These five areas were further broken down into subcategories and so forth, and at different points in the Blue Ribbon Commission’s work, BRC for short—we kept coming back to, and we tweaked as we went along, as we thought about how we would deliver. But keeping honest, meant coming back to them and asking ourselves whether what we were proposing would contribute to these outcomes. From that, we thought about the curriculum as a whole, the academic curriculum. And basically, we had the core curriculum and the disciplinary curriculum. The disciplinary curriculum, I decided that I should respect the schools and their domain knowledge and have them take the lead in thinking about what they wanted to do there, with graduate learning outcomes in mind. But the core curriculum which cuts across the university, was where we spent significant effort thinking through what does it mean to be core, and there were many things that needed rethinking.
The university up till that point did have foundation courses, core courses, general education and just a couple of other baskets that students had to access, but it didn’t kind of hang together with a certain coherence and a certain narrative and philosophy—that’s what the group did. I think collectively we were quite proud of what we have devised in three pillars. The first being capabilities, the second communities and the third civilizations. And parenthetically, the alliteration speaks to us, as academics who like that sort of thing.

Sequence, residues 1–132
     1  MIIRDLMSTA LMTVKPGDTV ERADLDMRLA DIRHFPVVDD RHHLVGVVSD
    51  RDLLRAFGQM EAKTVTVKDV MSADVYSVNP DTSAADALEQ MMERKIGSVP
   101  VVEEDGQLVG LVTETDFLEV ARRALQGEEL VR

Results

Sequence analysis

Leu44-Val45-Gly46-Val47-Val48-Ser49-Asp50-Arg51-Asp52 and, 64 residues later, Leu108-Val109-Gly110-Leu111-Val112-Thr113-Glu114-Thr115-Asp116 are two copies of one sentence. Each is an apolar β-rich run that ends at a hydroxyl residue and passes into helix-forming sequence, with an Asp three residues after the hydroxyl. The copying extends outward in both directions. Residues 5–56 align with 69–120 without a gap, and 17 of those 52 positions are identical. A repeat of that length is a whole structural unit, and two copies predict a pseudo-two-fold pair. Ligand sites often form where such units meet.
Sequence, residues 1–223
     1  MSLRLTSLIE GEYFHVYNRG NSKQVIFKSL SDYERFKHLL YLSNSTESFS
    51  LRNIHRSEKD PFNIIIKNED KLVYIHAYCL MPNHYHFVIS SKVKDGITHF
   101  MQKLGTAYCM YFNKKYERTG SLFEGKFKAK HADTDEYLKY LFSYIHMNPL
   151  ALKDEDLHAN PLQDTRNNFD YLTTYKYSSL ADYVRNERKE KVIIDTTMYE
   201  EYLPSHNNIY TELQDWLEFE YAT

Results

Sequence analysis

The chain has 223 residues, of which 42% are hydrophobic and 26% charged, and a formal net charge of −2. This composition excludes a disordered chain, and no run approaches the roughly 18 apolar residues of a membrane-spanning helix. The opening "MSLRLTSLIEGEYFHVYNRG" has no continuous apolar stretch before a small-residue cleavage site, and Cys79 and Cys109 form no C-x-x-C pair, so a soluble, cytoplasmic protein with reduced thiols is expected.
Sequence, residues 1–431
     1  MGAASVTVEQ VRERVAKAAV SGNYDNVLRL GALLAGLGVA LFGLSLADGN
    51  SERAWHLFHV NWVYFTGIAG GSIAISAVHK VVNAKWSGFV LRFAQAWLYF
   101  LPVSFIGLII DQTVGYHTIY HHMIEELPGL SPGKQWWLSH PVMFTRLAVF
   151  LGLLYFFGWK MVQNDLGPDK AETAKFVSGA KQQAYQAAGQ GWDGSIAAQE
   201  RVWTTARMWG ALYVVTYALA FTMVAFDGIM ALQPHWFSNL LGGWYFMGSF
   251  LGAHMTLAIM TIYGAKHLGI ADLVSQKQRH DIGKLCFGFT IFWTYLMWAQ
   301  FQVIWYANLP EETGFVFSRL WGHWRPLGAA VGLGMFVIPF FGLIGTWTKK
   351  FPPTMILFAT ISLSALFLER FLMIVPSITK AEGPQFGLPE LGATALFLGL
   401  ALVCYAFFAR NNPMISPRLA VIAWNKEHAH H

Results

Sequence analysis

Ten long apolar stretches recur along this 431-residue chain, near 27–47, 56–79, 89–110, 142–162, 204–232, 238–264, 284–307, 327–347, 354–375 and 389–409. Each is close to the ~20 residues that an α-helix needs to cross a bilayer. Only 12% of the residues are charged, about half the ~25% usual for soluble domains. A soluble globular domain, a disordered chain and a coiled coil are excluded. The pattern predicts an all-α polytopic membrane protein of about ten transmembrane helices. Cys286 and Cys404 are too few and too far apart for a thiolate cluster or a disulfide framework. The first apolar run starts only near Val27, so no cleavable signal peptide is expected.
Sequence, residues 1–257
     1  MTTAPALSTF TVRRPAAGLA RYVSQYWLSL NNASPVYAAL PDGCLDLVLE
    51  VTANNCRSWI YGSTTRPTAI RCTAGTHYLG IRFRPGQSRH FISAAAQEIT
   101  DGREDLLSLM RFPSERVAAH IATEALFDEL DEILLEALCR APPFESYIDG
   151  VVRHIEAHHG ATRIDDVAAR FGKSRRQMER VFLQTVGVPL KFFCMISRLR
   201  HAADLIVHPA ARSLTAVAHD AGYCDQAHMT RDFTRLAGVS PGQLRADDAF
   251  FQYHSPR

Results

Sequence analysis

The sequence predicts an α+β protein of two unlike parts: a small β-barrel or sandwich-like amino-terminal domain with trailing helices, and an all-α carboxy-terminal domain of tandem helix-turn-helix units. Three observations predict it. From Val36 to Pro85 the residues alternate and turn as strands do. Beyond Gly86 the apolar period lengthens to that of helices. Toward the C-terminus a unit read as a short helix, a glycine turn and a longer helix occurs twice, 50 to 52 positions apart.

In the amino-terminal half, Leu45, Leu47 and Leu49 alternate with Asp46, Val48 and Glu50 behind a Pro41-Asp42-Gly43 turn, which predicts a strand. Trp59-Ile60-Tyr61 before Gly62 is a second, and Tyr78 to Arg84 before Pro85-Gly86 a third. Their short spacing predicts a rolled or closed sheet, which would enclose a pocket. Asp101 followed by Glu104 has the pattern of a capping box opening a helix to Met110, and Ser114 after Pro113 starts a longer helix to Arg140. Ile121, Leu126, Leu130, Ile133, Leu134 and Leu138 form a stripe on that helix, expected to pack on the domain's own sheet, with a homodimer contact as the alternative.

The capabilities pillar focuses very much on the individual capabilities, the sorts of numeracy skills, the writing skills, the managing skills, and, in a certain sense, that is what we have been doing quite well in at SMU already, and we didn’t want to lose that. But we also realized that for a graduate to be successful not just in his or her career but in life, it is not just individual capabilities that matter. It is how the individual is situated and learns to be situated within a larger community
And so we devised the communities basket with the following philosophy: that in the modern-day community, what an individual needs to navigate would be to understand the economics of it. Communities and societies are shaped and structured by how economics works, and so students need to understand economics and society, not just charts and graphs in microeconomics, but truly how economics impacts society and vice versa. So we wanted to devise a different kind of economics course in that basket within the pillar—the basket on “economies and society” within the pillar of “Communities”.